August 16, 2011 at 11:54 am

4 Ways Motorola Deal Could Realize Google TV’s Failed Promise

google tv motorola mobilityGoogle bought Motorola Mobility yesterday, causing all sorts of twittering and speculation in a normally news-dry month.

One thing is certain: Motorola’s “Mobility” division has the wrong name. It might instead be thought of as Motorola’s app hardware division, because it houses the company’s smartphone, tablet, and television set-top box businesses. And there’s nothing “mobile” about a set-top box.

We already analyzed what Motorola’s smartphone and tablet businesses could do for Google. What about Google TV, which hasn’t officially failed yet, but which retailers are returning due to an apparent lack of demand?

Some see Google’s purchase as a defensive patent grab, and there is surely some truth to that, as Google mentioned in its announcement. But Motorola Mobility could also benefit Google TV strategically in at least four ways.

1. Native TV Apps

Google promised us last October that in the coming year, Google TV would run apps natively.  Well guess what — it’s August, and we still haven’t seen any sign that this is really happening. The same way Google’s ownership of Motorola Mobility should enable it to make the Android OS run even smoother on that hardware, Google’s new command of Motorola’s Home Digital Video line should help it make native Google TV apps a reality.

2. Google Fling

What ever happened to Google Fling, the wireless protocol that was supposed to let Android users send photos, movies, and music to their home entertainment systems? Google also promised this in October, and yet our fearless Android app reporter has yet to encounter it in a single music app. Meanwhile, Apple iOS developers have jumped all over Apple AirPlay as a way to send music from iPhones, iPod Touches, and iPads; Android developers have mostly ignored Fling. Maybe it’s because nobody has Google TV — but perhaps they will soon, assuming regulatory authorities look kindly on Google’s proposed acquisition. At that point, more Android apps will enjoy the same ability to play music on the best speakers in the house that iOS music fans find so alluring.

3. Truly Modern Cable Boxes

Cable boxes are lame, in part because unlike most other forms of technology, cable companies have de facto monopolies across most of the country so they don’t need to compete with each other very much. Because it’s such an advertising giant, Google won’t be able to leave those cable boxes alone — but as it reengineers the things to harvest data and present ads, Google has the opportunity to fix the byzantine menu systems on today’s cable boxes and add new features like voice command, for starters.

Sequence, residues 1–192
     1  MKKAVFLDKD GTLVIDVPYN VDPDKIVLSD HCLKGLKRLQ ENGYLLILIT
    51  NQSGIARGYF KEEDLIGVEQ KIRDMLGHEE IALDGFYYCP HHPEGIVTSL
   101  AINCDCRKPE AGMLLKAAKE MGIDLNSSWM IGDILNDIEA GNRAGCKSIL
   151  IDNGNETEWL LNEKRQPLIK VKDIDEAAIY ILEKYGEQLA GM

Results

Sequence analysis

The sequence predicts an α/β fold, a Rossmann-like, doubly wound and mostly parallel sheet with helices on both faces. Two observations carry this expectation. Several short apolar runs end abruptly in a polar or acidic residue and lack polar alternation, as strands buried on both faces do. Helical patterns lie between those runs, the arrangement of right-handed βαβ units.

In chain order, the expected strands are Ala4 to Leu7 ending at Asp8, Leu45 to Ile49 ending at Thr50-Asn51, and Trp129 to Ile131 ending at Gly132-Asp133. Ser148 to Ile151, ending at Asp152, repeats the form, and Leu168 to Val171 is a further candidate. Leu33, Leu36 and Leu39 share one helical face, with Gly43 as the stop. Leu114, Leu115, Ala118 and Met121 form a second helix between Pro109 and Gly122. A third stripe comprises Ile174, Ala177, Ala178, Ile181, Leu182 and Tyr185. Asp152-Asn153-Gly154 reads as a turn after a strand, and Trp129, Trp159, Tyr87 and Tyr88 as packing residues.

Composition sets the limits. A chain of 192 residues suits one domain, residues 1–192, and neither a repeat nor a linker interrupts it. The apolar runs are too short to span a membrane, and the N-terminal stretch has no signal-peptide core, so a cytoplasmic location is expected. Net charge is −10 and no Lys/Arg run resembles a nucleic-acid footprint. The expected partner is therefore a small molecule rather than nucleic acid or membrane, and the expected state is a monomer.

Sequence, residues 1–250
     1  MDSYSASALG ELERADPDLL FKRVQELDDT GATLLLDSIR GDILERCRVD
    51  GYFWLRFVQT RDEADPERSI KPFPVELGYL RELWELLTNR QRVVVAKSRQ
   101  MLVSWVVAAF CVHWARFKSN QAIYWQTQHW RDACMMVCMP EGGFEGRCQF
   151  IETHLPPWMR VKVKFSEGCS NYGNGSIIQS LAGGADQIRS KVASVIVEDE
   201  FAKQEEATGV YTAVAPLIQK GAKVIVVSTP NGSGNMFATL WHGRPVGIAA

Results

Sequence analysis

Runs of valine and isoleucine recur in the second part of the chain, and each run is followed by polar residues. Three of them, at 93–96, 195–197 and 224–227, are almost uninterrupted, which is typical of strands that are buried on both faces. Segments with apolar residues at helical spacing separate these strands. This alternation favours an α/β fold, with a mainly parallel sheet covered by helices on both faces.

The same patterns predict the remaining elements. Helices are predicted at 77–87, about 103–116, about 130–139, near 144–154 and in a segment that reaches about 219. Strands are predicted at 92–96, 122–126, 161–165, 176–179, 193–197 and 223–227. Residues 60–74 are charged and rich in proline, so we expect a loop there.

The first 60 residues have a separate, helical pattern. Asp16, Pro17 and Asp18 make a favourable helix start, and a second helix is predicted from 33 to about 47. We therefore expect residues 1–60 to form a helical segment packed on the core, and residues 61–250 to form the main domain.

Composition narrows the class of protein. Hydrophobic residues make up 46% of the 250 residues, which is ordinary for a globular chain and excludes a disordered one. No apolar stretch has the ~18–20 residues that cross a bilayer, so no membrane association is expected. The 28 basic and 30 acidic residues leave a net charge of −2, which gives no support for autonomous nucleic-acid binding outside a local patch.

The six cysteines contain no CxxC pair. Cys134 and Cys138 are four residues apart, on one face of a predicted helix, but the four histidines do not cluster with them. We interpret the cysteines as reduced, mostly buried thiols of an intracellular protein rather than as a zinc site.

Challenges will remain, because cable companies will safeguard their content from apps until they are assured that their shows won’t somehow leak onto the internets, and also because the head of Comcast reportedly hates Google. But within the next five years, Google should be able to make cable boxes that don’t feel like relics of a bygone era, building an API that lets apps do things with television shows — build playlists, share shows with friends, and hold online viewing parties, which brings us to…

4. YouTube Live Music Channel

If any of the above three things come to pass, Google should have a decent way to send YouTube to even more televisions — and, importantly for music fans, the nice speakers that are often connected to them. YouTube has done plenty of experimenting with live music and ambitious HTML5 apps, and Google TV (with Motorola-conferred advantages) is the perfect place to put them. Cable companies bristle at competition to televised offerings, so perhaps as part of the deal, live YouTube music videos could be repackaged as a cable channel along the lines of Palladia.

Do you use Google TV? Let us know your thoughts on how it works as a music platform — or what it’s missing — and if we use your comment, we’ll include a link to your website. Evolver.fm syndicates articles to Wired.com, Gizmodo, Billboard, Hypebot, Huffington Post, Business Insider, and others.

(Image courtesy of Flickr/dailylifeofmojo)